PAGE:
WASHINGTON (AP) -- The government on Saturday suspended enforcement of President Donald Trump's refugee and immigration ban and scurried to appeal a judge's order, plunging the new administration into a crisis that has challenged Trump's authority - and ability to fulfill campaign promises.
The stand-down, a day after a federal judge in Washington state temporarily blocked the ban, marked an extraordinary setback for the White House just one week after Trump acted on his own to suspend America's refugee program and halt immigration to the U.S. from seven Muslim-majority countries that the U.S. says raise terrorism concerns.
As the White House worked to reinstate the ban, Trump mocked U.S. District Judge James Robart, appointed by President George W. Bush, as a "so-called judge" whose "ridiculous" ruling "will be overturned."
Trump's direct attack recalled his diatribes during the campaign against a federal judge of Mexican heritage who was overseeing a Trump University case. Justice Department lawyers could be called upon to answer for his words as the travel ban case reaches the 9th U.S. Circuit Court of Appeals.
The order had caused unending confusion for many foreigners trying to reach the United States, prompted protests across the United States and led to a series of court challenges.
The State Department on Friday said as many as 60,000 foreigners from Iraq, Syria, Iran, Sudan, Libya, Somalia or Yemen had their visas canceled. The department reversed course Saturday, saying they could travel to the U.S. if they had a valid visa.
The Homeland Security Department no longer was directing airlines to prevent visa-holders affected by Trump's order from boarding U.S.-bound planes. The agency said it had "suspended any and all actions" related to putting in place Trump's order, which the White House argued was "intended to protect the homeland."
The Justice Department was expected to ask the 9th Circuit to set side Robert's ruling so the ban could go back into effect.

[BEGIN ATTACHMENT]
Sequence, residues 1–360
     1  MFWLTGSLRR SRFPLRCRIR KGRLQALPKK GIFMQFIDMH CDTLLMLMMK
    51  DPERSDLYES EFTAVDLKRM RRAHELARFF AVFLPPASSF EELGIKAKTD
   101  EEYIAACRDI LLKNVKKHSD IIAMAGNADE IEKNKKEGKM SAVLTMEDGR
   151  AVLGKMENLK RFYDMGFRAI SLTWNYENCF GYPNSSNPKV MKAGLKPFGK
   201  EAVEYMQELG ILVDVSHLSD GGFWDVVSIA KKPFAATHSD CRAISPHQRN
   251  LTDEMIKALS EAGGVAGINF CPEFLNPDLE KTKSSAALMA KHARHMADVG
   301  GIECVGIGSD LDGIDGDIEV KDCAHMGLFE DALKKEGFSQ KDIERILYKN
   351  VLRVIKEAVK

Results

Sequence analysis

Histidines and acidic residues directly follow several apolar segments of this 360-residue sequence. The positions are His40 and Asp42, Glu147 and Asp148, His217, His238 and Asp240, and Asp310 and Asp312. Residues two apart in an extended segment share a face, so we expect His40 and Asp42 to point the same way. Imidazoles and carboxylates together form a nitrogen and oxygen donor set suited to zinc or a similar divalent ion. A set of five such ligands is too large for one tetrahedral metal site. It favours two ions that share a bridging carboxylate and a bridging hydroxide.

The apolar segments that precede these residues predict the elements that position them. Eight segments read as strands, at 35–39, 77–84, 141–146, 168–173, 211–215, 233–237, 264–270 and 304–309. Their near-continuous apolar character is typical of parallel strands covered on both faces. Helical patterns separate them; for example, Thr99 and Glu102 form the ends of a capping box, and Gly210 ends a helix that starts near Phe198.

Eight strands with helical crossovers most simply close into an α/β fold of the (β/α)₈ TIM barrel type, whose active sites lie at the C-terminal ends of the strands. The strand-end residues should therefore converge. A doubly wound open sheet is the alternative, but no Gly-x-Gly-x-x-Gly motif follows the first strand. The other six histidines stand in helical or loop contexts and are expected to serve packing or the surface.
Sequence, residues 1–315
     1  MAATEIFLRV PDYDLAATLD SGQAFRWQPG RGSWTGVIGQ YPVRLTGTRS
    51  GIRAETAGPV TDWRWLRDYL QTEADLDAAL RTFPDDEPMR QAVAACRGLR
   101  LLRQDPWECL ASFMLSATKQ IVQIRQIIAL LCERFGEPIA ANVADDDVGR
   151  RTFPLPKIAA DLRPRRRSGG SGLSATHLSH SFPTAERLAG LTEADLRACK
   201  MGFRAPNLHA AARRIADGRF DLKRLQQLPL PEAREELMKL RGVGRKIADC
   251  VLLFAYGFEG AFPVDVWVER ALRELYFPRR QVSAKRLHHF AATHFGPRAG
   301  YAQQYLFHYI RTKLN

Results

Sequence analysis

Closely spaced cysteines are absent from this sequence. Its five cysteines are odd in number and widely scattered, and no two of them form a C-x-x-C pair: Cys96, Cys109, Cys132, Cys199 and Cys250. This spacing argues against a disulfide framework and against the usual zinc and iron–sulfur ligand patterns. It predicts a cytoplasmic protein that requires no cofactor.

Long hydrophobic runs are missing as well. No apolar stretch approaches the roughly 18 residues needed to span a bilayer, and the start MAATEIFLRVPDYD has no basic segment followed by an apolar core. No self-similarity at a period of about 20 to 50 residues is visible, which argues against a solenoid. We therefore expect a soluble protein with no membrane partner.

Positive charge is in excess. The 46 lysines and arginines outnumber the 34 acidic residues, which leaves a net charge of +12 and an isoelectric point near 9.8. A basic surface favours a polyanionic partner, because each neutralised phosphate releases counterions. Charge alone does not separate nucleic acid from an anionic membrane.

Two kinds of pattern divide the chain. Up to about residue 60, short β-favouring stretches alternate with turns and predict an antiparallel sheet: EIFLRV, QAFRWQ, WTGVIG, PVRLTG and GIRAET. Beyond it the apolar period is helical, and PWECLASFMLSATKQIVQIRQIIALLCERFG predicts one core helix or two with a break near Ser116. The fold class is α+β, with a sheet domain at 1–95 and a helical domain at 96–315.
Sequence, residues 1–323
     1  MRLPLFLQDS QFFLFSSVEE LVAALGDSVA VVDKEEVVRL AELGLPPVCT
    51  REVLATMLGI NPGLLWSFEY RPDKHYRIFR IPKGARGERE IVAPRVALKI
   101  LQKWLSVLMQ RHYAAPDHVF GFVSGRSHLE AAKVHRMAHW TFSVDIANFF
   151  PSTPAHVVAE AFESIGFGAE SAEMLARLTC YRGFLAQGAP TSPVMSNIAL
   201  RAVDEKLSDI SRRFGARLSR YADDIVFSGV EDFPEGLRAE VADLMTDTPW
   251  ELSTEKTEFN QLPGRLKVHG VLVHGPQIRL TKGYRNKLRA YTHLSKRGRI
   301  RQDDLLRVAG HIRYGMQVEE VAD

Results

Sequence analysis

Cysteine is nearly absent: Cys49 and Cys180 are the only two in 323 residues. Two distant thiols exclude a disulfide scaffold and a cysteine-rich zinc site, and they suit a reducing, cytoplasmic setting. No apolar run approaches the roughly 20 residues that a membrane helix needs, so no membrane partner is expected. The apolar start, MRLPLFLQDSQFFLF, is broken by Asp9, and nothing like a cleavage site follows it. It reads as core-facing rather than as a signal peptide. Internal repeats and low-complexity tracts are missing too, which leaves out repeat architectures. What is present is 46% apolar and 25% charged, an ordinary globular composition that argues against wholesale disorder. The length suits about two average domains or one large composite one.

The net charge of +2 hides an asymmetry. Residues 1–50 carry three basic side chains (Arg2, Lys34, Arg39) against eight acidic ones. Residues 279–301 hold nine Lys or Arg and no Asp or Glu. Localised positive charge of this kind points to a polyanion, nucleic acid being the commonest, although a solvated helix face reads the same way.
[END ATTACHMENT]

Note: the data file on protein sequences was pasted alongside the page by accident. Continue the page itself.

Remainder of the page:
Trump already made clear what he thought of Robart's action.
"The opinion of this so-called judge, which essentially takes law-enforcement away from our country, is ridiculous and will be overturned," Trump tweeted. "When a country is no longer able to say who can and who cannot come in & out, especially for reasons of safety & security - big trouble!"
That rhetoric could put government lawyers defending Trump's order in a tough spot if a federal appeals court were to ask them about it.
"Either they have to defend the statements that Judge Robart is a 'so-called judge,' which you can't do, or they have to distance themselves the president, who is their boss," said University of Pittsburgh law professor Arthur Hellman.
With legal challenges pending, two prominent Middle Eastern air carriers announced they would resume carrying passengers from the seven affected countries. Qatar Airways and Etihad Airways, national carrier of the United Arab Emirates, said U.S.-bound travelers from those countries with valid visas would be allowed to board.
In Egypt, Cairo airport and airline officials said they have received instructions from the U.S. Customs and Border Protection to suspend President Trump's executive order.
Government-backed Qatar Airways is one of a few Mideast airlines operating direct daily flights to multiple American cities. Its U.S. destinations from its Doha hub include New York, Chicago, Los Angeles, Miami and Washington.
The executive order has caused chaos within the government and the courts since it was announced a week ago. Trump fired Sally Yates, an Obama administration holdover who was serving as acting attorney general, after she said the Justice Department would not enforce it. Hearings were held Friday in separate court challenges across the country.
In their arguments to the court, Washington state and Minnesota said the temporary ban and the global suspension of the U.S. refugee program significantly harmed residents and effectively mandated discrimination.
Federal attorneys had argued that Congress gave the president authority to make decisions on national security and immigrant entry.
But in his written order released late Friday, Robart said it's not the court's job to "create policy or judge the wisdom of any particular policy promoted by the other two branches," but rather, to make sure that an action taken by the executive or legislative branches "comports with our country's laws."
Associated Press writers Alicia A. Caldwell, Mark Sherman and Matthew Lee in Washington, Martha Bellisle in Seattle, Susannah George in Baghdad, Hamza Hendawi in Cairo and Adam Schreck in Dubai, United Arab Emirates contributed to this report.